A partnership firm is a business arrangement where two or more people agree to share the profits and losses of a business. However, under the Indian Contract Act, any agreement entered into by a minor (someone below 18 years of age) is considered void or invalid. This raises the question – can a minor be part of a partnership firm?

The Indian Partnership Act, 1932 provides certain provisions that allow minors to be admitted to the benefits of an existing partnership firm, albeit with some limitations on their rights and liabilities. Let’s understand this in detail.

Who is a Minor?

As per the Indian Majority Act, 1875, any person who has not completed 18 years of age is considered a minor. Minors are generally not competent to enter into contracts or binding agreements due to their assumed lack of maturity and understanding required for such acts.

Minors Cannot be Full Partners

Section 30 of the Indian Partnership Act clearly states that a minor cannot be a full partner in a partnership firm. This is because being a full partner requires entering into a contractual agreement, which a minor cannot do.

The Supreme Court in Sanyasi Charan Mandal v. Krishnadhan held that a minor cannot be part of the group of persons that constitute a “firm” under Section 4 of the Act, as a minor is incapable of entering into a contract under Section 11 of the Indian Contract Act.

However, the law provides a way for minors to be admitted to the benefits of an existing partnership with the consent of all the partners of the firm.

Admission of Minors to Benefits of Partnership

The key points regarding the admission of a minor to the benefits of a partnership are:

  1. There must be an existing partnership firm. A minor cannot form a new partnership.
  2. The admission of the minor must be with the consent of all the adult partners of the firm.
  3. There cannot be a partnership consisting entirely of minors.
  4. An agreement must be executed between the guardian of the minor and the existing partners regarding the minor’s admission.

In Commissioner of Income Tax v. Dwarkadas & Co., the court held that any partnership deed going beyond Section 30 and making the minor personally liable for losses cannot be considered valid.

Rights of a Minor Admitted to Partnership Benefits

  1. Right to Share Profits: The minor is entitled to receive an agreed share of the profits of the firm. However, the minor cannot be made liable for any losses incurred by the firm.
  2. Right to Access Accounts: The minor, or their guardian, has the right to inspect and obtain copies of the accounts of the partnership firm. However, this right does not extend to accessing any trade secrets or confidential information as held in Oswal Fertilizers v. Commissioner of Income Tax.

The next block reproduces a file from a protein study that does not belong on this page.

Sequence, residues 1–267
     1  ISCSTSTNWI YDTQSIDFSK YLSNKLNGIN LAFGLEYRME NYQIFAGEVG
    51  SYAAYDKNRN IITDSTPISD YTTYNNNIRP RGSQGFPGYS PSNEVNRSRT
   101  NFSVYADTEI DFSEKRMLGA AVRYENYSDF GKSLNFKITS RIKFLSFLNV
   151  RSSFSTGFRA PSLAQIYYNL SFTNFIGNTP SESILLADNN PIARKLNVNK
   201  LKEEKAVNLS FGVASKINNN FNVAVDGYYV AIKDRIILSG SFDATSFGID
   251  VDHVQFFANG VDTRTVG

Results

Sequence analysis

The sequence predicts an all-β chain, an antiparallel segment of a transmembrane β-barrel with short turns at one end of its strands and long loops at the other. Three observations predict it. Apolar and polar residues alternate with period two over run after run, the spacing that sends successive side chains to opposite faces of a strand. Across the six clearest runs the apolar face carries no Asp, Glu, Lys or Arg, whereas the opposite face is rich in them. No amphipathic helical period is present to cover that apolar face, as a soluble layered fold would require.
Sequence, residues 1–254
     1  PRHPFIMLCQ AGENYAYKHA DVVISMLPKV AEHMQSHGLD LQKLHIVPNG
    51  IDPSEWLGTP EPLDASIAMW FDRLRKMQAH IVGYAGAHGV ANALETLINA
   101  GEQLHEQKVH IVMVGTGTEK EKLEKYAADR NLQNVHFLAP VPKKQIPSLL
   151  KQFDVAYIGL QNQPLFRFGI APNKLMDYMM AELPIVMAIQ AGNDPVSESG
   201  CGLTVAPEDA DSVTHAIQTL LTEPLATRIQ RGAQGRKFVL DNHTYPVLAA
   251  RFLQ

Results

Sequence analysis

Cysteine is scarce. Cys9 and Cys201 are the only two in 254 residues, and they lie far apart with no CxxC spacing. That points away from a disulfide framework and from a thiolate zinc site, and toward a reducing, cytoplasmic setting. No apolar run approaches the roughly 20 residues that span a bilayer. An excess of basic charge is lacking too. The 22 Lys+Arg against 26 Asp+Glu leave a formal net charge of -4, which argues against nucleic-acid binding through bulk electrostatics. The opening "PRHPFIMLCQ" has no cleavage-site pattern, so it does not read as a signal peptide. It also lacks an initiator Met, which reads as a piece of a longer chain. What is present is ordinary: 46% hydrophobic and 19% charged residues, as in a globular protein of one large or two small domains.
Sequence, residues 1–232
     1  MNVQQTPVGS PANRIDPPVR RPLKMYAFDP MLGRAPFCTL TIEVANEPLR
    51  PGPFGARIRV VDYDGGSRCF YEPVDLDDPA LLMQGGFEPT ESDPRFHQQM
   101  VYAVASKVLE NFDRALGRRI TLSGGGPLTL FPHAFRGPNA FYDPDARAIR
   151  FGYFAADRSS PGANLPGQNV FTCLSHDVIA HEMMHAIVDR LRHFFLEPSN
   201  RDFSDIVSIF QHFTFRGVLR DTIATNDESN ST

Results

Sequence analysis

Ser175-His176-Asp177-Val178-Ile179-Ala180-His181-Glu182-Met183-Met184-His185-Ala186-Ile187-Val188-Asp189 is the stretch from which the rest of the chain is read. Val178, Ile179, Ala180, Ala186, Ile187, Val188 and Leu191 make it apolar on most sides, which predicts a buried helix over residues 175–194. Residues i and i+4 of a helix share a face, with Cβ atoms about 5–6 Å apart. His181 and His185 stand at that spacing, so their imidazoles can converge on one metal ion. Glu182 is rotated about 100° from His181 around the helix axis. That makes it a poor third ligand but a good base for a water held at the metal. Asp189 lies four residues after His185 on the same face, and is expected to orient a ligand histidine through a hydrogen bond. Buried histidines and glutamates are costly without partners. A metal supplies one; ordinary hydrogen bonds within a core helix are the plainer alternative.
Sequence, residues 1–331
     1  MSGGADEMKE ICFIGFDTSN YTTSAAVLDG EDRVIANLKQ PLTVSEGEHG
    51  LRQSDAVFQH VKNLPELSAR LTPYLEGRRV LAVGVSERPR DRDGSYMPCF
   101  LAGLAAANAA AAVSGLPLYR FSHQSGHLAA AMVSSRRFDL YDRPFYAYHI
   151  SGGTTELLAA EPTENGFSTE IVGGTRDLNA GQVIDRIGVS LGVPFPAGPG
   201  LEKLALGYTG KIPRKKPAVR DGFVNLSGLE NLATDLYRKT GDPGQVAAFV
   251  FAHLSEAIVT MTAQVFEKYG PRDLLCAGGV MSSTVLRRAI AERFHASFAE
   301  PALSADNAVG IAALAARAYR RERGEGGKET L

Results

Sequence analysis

3. Right to Sue for Accounts: Section 30(4) of the Act allows the minor to sue the partners for an account of their share of the property, profits or any other benefit receivable from the firm. However, this right can only be exercised after severing ties with the firm as held in Commissioner of Income Tax, West v. Khetan and Co.
  4. Rights upon Attaining Majority: Within six months of attaining the age of majority (18 years), the erstwhile minor has to decide whether they want to become a full partner in the firm or opt-out. Failure to give public notice of their decision within this period will automatically make them a full partner. 
  5. If the person elects to become a partner, their share and rights in the firm’s property and profits will remain the same as they were when they were a minor as held in Bhogilal v. Commissioner of Income Tax.
  6. If the person decides not to become a partner, their rights and liabilities remain limited to those applicable when they were a minor, up until the date of giving public notice. After serving the notice, they are no longer liable for the firm’s acts but can still claim their share of profits and property from the firm.
  7. The Supreme Court in Shivgouda Rajiv Patil v. Chandrakant Neelkanth Sedlage held that a minor admitted to partnership benefits cannot be held personally liable for insolvency of the firm occurring after they attain majority.

Limitations on a Minor’s Rights

While the minor enjoys certain rights related to the partnership firm, there are some key limitations:

  1. Cannot Legally Form a Partnership: Two or more minors cannot form a new partnership firm together as they lack the legal capacity to enter into contracts as held in Banka Mal Lajja Ram & Co v. Commissioner of Income Tax Delhi.
  2. No Management Rights: A minor admitted to the benefits of a partnership does not have any rights in the management or administration of the firm. 
  3. No Personal Liability for Losses: The minor cannot be held personally liable for any losses or debts incurred by the partnership firm during the period of their association.
  4. Limited Right to Sue: The minor’s right to sue is limited to claiming their share of profits, property or other benefits from the firm, and cannot extend to other aspects of the firm’s operations or management.


Therefore, The Indian Partnership Act allows for the inclusion of minors in partnership firms, albeit in a limited capacity, to safeguard their interests. The provisions strike a balance between protecting the minor’s rights and ensuring that they are not unduly burdened with liabilities arising from the partnership’s actions. Proper adherence to these provisions can enable minors to benefit from the profits of a business while still being shielded from its potential downsides. The case laws cited provide judicial interpretation and guidance on the practical application of these provisions.

Contributed by-

Saachi Minocha

National Law University, Jodhpur (2023-28)

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